Q: Can you fix my broken heart? We both fell in love with the cutest little 1920s bungalow, all Arts and Crafts, but it only has two bedrooms and one bath and we just found out we're expecting twins! We've given in and decided to buy a house that's now under construction in a development. While we have a chance to choose our own materials, in the kitchen, for example, what can you suggest that's Arts and Craftsy?
A: Funny you should ask. I've just been browsing a couple of informational and inspirational books on the very subject of the Arts and Crafts aesthetic and how to have it in your own home.
(Printed in 2002) Bungalows is part of the "Updating Classic America" series from Taunton Books. Co-authors M. Caren Connolly and Louis Wasserman include a chapter on building brand-new bungalows: how to incorporate modern technology without compromising the style and vintage charm of this most-American of home styles.
The authors show and tell how to add the details that distinguish the Arts and Crafts attitude inside the signature low-lying profile and porch found on most authentically old bungalows. For examples, you'll want abundant wood mouldings around windows, doors, floors and ceilings; fireplaces faced with stone or tile; prairie-style windows and expanses of hardwood floors, usually made of oak. Stained glass windows here and there are also of the look.
The second book well worth consulting focuses on Stickley Style (Simon & Schuster, $40). David Cathers, who co-authored the book with architectural photographer Alexander Vertikoff, certainly knows his stuff: he's also a trustee of Craftsman Farms, Gustav Stickley's experimental farm in New Jersey, now a National Historic Landmark.
Responding to the surge of interest in Arts and Crafts buildings and furnishings, a number of manufacturers have revived styles from the period. The once-deceased Stickley Furniture Co. itself now thrums anew, turning out Craftsman classics along with other traditional styles up in Manlius, N.Y. (www.stickley.com).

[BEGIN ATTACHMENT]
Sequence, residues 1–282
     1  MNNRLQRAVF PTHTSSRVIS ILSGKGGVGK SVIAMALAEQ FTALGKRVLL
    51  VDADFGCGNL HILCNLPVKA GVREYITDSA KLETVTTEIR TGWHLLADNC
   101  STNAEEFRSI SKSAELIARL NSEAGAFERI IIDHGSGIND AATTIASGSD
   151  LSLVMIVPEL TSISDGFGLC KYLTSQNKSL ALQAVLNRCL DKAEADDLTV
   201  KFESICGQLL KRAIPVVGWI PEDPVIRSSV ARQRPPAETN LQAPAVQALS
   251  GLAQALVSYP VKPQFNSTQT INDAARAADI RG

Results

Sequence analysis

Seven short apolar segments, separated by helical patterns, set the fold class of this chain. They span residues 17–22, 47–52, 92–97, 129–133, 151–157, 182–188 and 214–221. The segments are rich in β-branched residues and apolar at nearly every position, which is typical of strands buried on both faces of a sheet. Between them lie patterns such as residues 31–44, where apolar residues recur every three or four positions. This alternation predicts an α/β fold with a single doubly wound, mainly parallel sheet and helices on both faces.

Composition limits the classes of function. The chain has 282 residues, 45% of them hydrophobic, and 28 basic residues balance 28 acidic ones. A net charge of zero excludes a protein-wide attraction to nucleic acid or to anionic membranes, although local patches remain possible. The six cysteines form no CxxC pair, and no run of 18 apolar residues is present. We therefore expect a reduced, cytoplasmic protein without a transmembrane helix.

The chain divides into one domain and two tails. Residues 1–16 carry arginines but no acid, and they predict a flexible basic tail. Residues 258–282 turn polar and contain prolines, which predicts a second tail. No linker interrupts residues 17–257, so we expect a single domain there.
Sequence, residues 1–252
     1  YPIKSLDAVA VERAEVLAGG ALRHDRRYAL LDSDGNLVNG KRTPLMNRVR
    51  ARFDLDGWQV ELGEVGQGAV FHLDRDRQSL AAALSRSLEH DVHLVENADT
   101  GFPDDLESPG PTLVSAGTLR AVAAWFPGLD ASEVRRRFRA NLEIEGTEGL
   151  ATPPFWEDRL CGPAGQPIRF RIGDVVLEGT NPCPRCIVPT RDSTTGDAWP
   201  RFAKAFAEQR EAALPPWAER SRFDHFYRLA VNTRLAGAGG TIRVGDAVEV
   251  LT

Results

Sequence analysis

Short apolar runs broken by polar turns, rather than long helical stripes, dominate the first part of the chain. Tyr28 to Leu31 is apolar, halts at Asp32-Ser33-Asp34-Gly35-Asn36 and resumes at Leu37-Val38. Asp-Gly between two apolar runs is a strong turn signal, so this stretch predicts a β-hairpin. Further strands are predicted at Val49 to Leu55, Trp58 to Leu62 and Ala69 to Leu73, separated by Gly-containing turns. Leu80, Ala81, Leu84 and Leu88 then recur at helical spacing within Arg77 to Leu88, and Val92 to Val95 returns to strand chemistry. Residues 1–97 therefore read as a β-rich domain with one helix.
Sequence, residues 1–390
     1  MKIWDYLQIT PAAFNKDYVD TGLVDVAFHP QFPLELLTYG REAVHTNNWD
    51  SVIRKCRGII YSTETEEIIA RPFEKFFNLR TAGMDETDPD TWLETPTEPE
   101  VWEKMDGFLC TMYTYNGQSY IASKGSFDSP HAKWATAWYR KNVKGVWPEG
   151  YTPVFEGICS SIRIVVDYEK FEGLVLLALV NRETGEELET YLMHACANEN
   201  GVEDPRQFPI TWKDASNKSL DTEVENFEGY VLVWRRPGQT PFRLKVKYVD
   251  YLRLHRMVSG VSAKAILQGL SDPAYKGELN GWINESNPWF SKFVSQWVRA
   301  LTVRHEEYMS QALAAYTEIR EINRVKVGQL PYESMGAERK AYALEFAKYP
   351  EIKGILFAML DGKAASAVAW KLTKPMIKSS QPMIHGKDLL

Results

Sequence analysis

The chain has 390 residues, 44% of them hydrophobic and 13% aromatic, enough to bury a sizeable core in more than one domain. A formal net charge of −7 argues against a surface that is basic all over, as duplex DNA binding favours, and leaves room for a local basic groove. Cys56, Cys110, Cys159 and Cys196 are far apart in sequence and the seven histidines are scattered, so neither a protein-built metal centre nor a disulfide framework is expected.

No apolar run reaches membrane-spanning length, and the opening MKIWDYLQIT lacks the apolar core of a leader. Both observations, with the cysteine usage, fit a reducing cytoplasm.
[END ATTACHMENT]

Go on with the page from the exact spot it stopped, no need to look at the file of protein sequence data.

Arts and Crafts kitchen cabinetry is another notable revival. Even David Cathers might be fooled by the kitchen in the photo we show here. What looks like a historic site is really a recently fitted-out new kitchen that features oak cabinets from Wood-Mode (www.wood-mode.com). With its straight lines, simple detailing and appropriate use of such background materials as the iridescent tiles over the cooktop and flat timbering on the ceiling, it looks for all the world like the real, old thing.
Bottom line: do a little homework and you can easily work up your new home in classic Arts & Crafts style.
Q: Ever see something in the trash that's just too good to be thrown away?
A: All the time, say New Yorkers, whose sidewalk curbs may constitute the world's longest flea market or, better yet, recycling center. Entire apartments have been furnished with finds from the street, where the free shopping's not just for the funky. Top interior design Albert Hadley (whose clients have included the Astors and the Rockefellers) once told me, "My friends are used to having me stop cabs and race back to pick up something I've seen on the curb."
No surprise then that an eco-minded recycler named Jim Nachlin has started www.garbagescout.com, a Web site that alerts others to good spottings on the sidewalk, say, a pile of old wooden shutters on East 63rd Street, or two French-style chairs down on Bleecker. Speed is of the essence in the city that never sleeps. Spotters photograph the treasures with their cell phones, then e-mail location details and - most crucial - the time of the sighting. "Sometimes things will be gone in five minutes," Nachlin told New York Times reporter Michael Cannell.
But scavengers who can get there in a New York minute, not only take home free treasures, they "reduce landfill, save money and clean up the streets," reasons Nachlin, a computer programmer who lives in a tiny apartment with a lot of clutter of his own.
Rose Bennett Gilbert is the co-author of "Hampton Style" and associate editor of Country Decorating Ideas. Please send your questions to her at Copley News Service, P.O. Box 120190, San Diego, CA 92112-0190, or online at [email protected]. © Copley News Service